I'm a big fan of games that use existing, but non-game tech in interesting gamey ways. World Of The Living Dead is a Google Maps based zombie survival MMO. You're a watchful protector trying to guide survivors around real world city streets. You use Maps' pathfinding to set destinations, and the zombie density reflects US census data. You need to manage the survivor's fear, fatigue, hunger and route as the zombies increase their grip on the world.
The complexities are in the micro-management and pondering your moves ahead. Every little detail of the squad of people you're looking after needs managed to drive them through the streets. Overlaid on the the map are missions, safehouses, a well as the raw data of the outbreak scale: the immediate city blocks around you are coloured according to risk, so for everything you do you have to factor in the danger of the surroundings.
When you eventually make it to a place, you can leave messages for those that come after you, encouragement, help, even warnings if you're feeling territorial. There's also a twitter-ish messaging system that does the same, and you can chat to other players, or use it to tell your story. One update reads: "Locations beginning to thin. Density of Zombies growing steadily to the north. Thinking about moving south soon."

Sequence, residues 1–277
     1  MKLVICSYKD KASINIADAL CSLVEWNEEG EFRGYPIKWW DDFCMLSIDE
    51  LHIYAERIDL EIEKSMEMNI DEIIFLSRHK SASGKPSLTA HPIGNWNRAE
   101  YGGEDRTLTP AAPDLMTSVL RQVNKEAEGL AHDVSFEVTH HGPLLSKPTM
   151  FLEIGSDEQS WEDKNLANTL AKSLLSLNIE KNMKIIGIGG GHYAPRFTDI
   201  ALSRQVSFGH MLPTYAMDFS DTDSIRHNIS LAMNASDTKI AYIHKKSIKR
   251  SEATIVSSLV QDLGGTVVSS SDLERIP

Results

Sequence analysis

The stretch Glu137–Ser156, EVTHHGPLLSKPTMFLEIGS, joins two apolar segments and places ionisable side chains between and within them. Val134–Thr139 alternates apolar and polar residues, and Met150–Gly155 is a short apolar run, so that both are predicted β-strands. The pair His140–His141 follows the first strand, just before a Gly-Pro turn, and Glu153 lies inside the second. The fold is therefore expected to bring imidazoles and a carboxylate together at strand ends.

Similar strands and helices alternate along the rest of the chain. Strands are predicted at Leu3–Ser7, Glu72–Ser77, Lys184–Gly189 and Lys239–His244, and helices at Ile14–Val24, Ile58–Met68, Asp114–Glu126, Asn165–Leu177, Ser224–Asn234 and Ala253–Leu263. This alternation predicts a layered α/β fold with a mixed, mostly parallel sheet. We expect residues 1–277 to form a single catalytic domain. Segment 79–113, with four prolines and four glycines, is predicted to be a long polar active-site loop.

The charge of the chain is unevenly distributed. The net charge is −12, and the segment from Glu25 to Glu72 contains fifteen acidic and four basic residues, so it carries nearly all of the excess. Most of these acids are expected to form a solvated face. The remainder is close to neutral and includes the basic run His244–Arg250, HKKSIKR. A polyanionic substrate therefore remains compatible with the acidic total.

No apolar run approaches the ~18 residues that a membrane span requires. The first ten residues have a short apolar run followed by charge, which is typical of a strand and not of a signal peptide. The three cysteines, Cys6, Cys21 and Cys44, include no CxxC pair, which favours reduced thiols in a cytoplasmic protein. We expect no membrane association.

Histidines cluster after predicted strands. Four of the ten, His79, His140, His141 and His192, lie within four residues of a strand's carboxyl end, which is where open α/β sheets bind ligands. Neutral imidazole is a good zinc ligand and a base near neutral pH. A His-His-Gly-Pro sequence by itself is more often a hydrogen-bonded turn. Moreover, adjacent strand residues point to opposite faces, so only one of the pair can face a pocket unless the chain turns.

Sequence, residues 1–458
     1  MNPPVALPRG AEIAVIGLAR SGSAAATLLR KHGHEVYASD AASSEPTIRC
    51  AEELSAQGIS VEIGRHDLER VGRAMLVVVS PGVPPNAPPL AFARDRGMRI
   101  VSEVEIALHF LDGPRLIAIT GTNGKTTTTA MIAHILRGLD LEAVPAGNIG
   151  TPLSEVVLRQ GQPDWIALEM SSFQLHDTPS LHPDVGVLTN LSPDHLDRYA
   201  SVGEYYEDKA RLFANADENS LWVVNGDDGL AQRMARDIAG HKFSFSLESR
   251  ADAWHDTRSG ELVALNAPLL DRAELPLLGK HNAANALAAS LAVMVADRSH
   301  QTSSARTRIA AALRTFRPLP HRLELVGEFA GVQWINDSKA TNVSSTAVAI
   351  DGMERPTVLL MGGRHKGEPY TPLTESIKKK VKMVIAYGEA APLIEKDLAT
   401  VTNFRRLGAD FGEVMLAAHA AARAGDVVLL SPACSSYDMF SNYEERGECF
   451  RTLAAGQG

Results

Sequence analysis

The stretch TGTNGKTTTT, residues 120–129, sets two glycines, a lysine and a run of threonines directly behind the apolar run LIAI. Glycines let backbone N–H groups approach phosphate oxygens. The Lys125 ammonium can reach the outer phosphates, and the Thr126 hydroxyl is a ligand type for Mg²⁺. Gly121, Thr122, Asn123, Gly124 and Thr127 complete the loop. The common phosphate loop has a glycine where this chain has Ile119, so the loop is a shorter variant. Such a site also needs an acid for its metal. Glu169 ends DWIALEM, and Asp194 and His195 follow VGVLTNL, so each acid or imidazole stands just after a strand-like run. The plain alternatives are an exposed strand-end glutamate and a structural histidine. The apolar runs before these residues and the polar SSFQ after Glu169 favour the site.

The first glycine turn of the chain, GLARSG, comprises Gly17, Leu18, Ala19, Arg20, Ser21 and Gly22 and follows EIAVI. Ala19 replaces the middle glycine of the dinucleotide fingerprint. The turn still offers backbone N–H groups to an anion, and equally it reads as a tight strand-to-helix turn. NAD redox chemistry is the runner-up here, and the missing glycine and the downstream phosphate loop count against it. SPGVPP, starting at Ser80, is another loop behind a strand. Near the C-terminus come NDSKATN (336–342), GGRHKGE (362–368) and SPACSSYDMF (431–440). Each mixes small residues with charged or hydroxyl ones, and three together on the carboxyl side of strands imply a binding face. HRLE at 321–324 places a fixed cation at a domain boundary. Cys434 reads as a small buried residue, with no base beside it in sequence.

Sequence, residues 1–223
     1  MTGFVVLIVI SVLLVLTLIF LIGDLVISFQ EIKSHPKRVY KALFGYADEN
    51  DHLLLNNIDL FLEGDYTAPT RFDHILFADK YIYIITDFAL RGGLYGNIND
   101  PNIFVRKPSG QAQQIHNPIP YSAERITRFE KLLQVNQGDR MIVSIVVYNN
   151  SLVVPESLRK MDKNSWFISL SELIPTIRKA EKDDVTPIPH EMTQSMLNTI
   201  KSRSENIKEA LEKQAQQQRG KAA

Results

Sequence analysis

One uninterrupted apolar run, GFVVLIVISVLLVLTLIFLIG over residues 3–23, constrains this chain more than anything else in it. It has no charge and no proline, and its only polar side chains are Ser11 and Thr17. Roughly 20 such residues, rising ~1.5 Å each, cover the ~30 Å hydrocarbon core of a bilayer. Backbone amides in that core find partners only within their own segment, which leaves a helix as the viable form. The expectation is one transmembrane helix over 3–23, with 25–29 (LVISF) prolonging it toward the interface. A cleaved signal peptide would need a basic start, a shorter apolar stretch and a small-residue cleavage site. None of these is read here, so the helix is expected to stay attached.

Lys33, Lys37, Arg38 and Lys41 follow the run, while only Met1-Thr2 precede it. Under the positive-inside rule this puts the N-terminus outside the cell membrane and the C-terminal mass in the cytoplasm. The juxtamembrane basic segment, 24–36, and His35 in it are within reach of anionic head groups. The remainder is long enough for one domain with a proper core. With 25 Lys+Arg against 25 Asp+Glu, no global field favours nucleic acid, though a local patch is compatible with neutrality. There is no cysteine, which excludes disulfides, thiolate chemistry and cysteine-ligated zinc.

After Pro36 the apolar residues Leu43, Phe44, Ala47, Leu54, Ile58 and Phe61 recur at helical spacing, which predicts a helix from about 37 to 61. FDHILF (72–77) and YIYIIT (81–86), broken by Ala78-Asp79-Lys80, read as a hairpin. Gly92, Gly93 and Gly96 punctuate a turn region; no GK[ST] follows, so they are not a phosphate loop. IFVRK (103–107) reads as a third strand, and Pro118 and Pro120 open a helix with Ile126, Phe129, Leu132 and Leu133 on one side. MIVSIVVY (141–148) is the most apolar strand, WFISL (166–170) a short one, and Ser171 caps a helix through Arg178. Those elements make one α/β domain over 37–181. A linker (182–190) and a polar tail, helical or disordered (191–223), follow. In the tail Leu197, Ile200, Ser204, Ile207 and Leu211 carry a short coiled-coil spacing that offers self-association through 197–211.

I've only played an hour or so, but there's an sense of dread whenever I look away from my browser: the world ticks along if I'm there or not. I'm already pondering telling the survivors to hide so I can get back to work: there's a lot of information to parse, and plenty of missions to leap into, and it feels like it might be just a little too involved as a game to play while at work, even if you need to rest the survivors after running them from place to place. It's rather intense.
It also got me thinking about a game based on hyper-local knowledge: imagine being able to play a game based on knowing which alleyways are safe? In that regard, the place I grew up would be a Deus Ex Revolution style boss fight.